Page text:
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Wikileaks outs CIA ‘CouchPotato’ tool for hacking IoT cameras

WHISTLEBLOWING DOCUMENT FOUNDATION WikiLeaks continues to add to its growing trove of alleged CIA documents, known as Vault 7, with a user guide for a programme called CouchPotato, which is designed to capture video from IoT cameras.

Critics of WikiLeaks have said that the documents posted to Vault 7 are several years out of date, but this document is relatively recent. dating back to February 2014.

The CouchPotato project is apparently intended to target RTSP/H.264 video streams coming from networked cameras; unlike Dumbo, it doesn’t seem to require physical access to a PC.

The documents posted to WikiLeaks deal with the first version of the application, but it isn’t clear whether or not other versions exist. If they did, we imagine that they would smooth out issues like the excess CPU time consumed by CouchPotato (which would increase its risk of being detected).

The guide states: “CPU usage of the process that CouchPotato is injected into can potentially be high depending on the number CPUs/Cores available. In development and testing, it was observed that on a Windows 7 64-bit VM allocated just one CPU core, the process that CouchPotato was injected into was using between 50-70% of available CPU while capturing images of significant change. Memory usage was between 45-50MB.”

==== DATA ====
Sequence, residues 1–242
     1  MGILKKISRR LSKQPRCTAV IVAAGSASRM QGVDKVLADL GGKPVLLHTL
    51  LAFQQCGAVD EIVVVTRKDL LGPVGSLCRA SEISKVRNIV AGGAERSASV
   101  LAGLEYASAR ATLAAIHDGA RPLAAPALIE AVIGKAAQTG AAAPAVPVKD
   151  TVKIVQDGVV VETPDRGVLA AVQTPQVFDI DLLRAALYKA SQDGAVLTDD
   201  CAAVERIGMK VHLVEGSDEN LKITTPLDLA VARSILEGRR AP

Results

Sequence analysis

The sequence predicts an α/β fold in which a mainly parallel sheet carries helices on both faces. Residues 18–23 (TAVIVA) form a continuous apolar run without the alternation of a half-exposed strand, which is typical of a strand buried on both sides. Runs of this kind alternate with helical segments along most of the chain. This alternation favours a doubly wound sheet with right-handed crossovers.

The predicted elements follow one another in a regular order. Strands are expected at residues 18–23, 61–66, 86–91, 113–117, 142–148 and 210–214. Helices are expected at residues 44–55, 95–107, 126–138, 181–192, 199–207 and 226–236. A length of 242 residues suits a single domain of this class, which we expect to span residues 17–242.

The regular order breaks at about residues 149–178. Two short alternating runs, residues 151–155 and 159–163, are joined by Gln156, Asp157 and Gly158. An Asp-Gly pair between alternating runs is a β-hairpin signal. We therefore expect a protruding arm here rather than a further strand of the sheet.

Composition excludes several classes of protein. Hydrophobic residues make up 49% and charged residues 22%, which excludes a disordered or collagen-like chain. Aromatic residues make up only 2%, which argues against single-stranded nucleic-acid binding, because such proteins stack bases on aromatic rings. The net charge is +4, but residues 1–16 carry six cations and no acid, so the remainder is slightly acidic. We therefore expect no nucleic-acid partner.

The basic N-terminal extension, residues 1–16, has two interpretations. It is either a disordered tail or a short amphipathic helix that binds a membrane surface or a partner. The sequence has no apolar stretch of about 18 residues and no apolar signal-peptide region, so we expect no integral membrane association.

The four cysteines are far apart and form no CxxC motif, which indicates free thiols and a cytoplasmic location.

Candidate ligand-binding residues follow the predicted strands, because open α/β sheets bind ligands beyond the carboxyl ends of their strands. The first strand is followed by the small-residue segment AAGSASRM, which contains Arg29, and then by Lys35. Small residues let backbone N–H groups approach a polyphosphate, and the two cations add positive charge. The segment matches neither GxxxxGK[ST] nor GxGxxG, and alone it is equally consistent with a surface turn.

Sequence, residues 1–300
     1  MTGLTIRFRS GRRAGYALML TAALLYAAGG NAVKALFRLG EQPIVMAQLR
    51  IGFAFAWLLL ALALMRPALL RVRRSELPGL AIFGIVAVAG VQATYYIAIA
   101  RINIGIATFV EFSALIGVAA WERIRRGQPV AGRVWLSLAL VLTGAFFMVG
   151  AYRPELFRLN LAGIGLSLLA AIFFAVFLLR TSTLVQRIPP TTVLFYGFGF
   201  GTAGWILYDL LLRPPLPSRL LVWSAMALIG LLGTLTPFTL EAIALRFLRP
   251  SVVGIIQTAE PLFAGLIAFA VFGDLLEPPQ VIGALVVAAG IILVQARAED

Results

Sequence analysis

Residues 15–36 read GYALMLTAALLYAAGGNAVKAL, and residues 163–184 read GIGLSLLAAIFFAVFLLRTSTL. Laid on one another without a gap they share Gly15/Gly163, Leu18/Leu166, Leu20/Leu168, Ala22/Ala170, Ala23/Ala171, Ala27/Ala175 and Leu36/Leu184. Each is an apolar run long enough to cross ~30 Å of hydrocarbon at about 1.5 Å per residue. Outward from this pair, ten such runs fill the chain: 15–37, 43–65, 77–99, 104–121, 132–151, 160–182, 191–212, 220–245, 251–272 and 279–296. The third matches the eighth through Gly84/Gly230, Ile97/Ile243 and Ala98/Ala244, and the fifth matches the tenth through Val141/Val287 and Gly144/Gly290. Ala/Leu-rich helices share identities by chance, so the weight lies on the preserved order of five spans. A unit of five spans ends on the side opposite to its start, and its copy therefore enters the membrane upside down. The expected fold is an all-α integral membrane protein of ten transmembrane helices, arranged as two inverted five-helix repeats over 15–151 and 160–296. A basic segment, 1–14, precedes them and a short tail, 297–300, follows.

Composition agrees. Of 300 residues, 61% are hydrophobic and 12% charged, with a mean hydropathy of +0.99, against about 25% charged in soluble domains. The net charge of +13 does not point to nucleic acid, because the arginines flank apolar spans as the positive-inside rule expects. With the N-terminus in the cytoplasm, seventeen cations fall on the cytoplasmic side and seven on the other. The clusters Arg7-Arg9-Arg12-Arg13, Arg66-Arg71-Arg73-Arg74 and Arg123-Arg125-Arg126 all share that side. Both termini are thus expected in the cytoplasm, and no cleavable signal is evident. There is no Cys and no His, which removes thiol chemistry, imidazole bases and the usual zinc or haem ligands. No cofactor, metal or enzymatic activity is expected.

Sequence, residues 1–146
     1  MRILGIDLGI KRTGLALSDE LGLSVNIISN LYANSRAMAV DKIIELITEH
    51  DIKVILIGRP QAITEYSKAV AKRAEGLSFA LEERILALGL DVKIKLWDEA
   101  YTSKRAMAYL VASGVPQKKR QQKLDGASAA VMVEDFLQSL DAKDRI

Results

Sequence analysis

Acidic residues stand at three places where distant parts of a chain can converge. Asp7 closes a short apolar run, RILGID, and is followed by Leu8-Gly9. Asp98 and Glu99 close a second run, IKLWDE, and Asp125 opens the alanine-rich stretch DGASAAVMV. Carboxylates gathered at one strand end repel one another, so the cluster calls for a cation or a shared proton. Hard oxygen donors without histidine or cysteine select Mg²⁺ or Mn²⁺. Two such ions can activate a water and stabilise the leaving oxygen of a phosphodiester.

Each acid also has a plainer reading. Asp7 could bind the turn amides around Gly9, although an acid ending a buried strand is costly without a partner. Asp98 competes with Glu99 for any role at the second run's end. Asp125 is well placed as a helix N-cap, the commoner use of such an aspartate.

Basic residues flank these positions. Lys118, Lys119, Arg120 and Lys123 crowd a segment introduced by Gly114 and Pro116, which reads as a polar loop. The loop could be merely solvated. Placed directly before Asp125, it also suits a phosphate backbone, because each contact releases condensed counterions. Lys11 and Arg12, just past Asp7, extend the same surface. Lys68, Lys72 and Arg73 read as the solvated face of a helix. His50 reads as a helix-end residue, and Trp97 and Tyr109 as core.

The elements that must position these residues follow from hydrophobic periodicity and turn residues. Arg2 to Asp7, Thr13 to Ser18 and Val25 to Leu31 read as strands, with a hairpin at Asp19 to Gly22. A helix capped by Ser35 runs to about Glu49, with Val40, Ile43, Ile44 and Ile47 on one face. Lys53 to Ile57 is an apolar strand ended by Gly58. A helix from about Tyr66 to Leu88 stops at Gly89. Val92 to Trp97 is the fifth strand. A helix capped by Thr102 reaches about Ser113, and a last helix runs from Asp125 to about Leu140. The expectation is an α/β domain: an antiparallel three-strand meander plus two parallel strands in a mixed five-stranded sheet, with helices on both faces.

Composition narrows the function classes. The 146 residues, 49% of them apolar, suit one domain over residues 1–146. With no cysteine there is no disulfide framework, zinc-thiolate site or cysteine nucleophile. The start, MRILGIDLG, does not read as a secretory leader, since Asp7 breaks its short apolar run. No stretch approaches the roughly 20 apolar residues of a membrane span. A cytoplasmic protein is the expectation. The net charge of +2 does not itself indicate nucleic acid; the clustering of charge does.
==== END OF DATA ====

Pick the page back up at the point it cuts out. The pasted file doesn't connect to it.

The document is also full of recommendations to ‘use wisely’, indicating that there are still bugs or other inefficiencies present.

In its own words: “CouchPotato is a remote tool for collection against RTSP/H.264 video streams. It provides the ability to collect either the stream as a video file (AVI) or capture still images (JPG) of frames from the stream that are of significant change from a previously captured frame.

“CouchPotato utilizes ffmpeg for video and image encoding and decoding as well as RTSP connectivity. In order to minimize size of the DLL binary, many of the audio and video codecs along with other unnecessary features have been removed from the version of ffmpeg that CouchPotato is built with. pHash, an image hashing algorithm, has been incorporated into ffmpeg’s image2 demuxer to provide image change detection capabilities.

“CouchPotato relies on being launched in an ICE v3 Fire and Collect compatible loader.” µ

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